“The Israelites went seven times around Jericho, and that was after they felt defeated,” a recently-fired maquila workers told us resolutely. “We think maybe this time we’re on our sixth turn.”
We met several ex-maquila workers in the General Workers’ Center, which offers free legal advice and representation. When we walked into the small building, I saw a poster of ants with army helmets and guns trained on a boot. “Nos tienen miedo porque no tenemos miedo,” the poster said. “They fear us because we have no fear.”
And the people we met certainly were fearless. All the workers we met had been fired from a Korean-owned car parts factory, which manufactures electrical harnesses for cars like Hyundai and Kia. The plant has been broadly condemned for the treatment of its workers. Among other gross violations, these workers were only allowed to use bathroom twice a day.
A year and a half prior, a union had formed, but the company refused to recognize it. Just before the date that had been set for negotiations, all 9 union leaders were fired on the same day without reason—one while pregnant, which is illegal in Honduras. Over the next few weeks, 120 unionized workers were also fired.
Now the workers are fighting to get their jobs back and to get their union to be recognized. When asked why they would even want to go back to the place that had mistreated them, they said “We’re taking this risk for the others who are still there.” Even if they wanted to find another job, the common practice of blacklisting would keep any other maquila from hiring them.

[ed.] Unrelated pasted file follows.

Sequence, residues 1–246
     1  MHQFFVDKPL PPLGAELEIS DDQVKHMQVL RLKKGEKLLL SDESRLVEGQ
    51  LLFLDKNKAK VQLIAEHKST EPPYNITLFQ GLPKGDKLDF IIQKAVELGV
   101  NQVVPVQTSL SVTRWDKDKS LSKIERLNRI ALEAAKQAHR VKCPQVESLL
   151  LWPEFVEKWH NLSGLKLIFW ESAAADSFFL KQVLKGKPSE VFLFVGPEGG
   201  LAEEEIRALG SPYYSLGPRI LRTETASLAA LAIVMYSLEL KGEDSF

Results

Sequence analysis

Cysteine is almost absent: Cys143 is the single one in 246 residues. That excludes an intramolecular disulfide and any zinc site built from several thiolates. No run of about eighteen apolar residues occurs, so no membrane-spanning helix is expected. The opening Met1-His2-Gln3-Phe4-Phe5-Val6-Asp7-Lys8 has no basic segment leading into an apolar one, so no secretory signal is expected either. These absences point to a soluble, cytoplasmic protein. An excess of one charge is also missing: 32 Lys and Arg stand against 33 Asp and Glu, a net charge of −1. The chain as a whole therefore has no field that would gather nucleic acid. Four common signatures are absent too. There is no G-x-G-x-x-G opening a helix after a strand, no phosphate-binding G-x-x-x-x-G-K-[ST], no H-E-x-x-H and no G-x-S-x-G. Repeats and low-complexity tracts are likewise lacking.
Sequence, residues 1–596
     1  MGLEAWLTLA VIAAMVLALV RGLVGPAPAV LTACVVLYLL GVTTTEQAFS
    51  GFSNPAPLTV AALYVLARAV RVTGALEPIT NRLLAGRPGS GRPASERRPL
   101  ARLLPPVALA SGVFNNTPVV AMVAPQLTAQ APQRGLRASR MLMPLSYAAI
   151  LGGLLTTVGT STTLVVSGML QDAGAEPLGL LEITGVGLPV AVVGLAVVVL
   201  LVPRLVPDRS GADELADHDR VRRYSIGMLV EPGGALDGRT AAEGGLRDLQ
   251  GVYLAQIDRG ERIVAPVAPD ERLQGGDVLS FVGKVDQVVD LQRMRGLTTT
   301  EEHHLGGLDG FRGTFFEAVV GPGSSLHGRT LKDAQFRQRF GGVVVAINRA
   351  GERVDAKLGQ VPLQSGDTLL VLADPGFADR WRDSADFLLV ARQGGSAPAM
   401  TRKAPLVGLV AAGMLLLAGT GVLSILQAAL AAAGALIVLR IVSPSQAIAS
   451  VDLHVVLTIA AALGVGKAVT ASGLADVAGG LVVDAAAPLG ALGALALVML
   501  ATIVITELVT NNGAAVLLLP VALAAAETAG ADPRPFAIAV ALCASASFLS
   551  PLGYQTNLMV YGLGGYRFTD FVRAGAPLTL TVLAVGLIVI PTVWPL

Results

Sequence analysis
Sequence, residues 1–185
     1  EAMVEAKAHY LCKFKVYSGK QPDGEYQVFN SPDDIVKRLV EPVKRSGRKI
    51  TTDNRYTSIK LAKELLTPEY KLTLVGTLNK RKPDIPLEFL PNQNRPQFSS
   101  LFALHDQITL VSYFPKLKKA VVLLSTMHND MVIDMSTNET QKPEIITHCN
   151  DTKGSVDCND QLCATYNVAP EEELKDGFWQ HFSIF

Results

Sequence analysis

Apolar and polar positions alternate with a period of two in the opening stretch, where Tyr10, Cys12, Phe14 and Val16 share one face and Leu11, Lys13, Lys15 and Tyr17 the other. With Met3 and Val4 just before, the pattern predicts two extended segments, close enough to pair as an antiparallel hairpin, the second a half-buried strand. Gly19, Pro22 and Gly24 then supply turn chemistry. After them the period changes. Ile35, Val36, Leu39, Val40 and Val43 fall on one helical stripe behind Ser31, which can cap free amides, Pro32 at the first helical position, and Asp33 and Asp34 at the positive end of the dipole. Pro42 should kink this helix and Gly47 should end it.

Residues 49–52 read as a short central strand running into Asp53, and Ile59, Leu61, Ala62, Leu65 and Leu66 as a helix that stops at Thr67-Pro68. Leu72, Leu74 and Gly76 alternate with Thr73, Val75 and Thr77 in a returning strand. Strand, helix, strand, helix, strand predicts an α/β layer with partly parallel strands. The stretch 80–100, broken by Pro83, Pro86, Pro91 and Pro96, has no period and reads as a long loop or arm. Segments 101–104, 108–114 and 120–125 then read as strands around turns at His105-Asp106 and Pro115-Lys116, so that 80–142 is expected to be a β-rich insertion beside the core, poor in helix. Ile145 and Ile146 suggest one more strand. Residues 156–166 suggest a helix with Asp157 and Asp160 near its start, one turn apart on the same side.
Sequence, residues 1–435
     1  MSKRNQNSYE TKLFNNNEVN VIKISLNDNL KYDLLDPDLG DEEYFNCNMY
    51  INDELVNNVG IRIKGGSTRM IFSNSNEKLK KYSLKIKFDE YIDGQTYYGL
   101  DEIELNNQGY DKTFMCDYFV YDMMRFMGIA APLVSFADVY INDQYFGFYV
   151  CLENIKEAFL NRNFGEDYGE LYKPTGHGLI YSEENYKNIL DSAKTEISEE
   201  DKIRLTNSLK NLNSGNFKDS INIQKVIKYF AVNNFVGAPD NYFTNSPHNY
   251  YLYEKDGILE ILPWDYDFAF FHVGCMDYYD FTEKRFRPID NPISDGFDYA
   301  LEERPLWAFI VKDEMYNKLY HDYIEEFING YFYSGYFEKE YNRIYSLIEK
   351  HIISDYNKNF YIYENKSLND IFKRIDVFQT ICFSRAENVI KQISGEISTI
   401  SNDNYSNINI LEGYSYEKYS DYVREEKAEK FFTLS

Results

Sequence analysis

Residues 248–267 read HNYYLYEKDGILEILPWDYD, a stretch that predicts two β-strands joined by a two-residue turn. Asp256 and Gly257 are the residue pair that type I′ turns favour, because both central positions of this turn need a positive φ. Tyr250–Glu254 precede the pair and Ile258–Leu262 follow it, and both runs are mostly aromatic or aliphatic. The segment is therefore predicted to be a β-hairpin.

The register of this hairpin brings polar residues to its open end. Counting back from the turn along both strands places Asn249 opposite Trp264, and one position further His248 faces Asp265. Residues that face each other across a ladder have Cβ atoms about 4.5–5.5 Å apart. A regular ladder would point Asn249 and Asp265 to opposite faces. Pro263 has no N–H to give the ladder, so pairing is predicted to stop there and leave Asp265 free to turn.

At the end of the day, I left the Workers' office wondering what we can do with all this information. How can we take the good and the bad and the marginal and roll it around in our heads and not just be paralyzed into inaction by all the different voices in this argument? These are questions we put to everyone we met.
“Write letters,” the union leader said. “Now that you know, you have a responsibility.” In a way, these giant corporations work for us, those of us who buy t-shirts and underwear. And the maquila workers knew this. “We don’t get anywhere without international involvement,” they said.
“So, we’re pretty new to this world of social media,” said Stan, from the corporate offices of Fruit of the Loom. “We only got a Facebook a few years ago. But my daughters are teaching me. And that’s probably the best way to let companies know what you think. We really do have someone reading that stuff.”
“A lot of our consumers want us to have a certain standard,” a tour guide said. If enough people raise their voices, companies listen. Companies change.
Maybe the biggest thing is that we need to change our expectations as consumers. Globalization expands our backyard and changes who we think of as our neighbor. Whether we realize it or not, we’re connected to the people who made our t-shirts. What we do affects them. We don’t get to pretend it doesn’t.
For some people this is going to mean rejecting maquilas altogether—buying local or used. But this only opts people out of the system and still leaves workers without defenders
When people are unable to make enough money to live, this is a human rights issue that should attract everyone's attention. But it has special meaning for Christians, who are told to “Defend the cause of the weak and fatherless; maintain the rights of the poor and oppressed. Rescue the weak and needy; deliver them from the hand of the wicked.” (Psalm 82:3,4). This commandment is repeated throughout the Bible in echoes that remind us what God desires of us. He is waiting to empower those who fight for his justice.
If the maquila workers keep walking around Jericho, and if we blow the trumpets that we have, it won’t be long before the walls come tumbling down.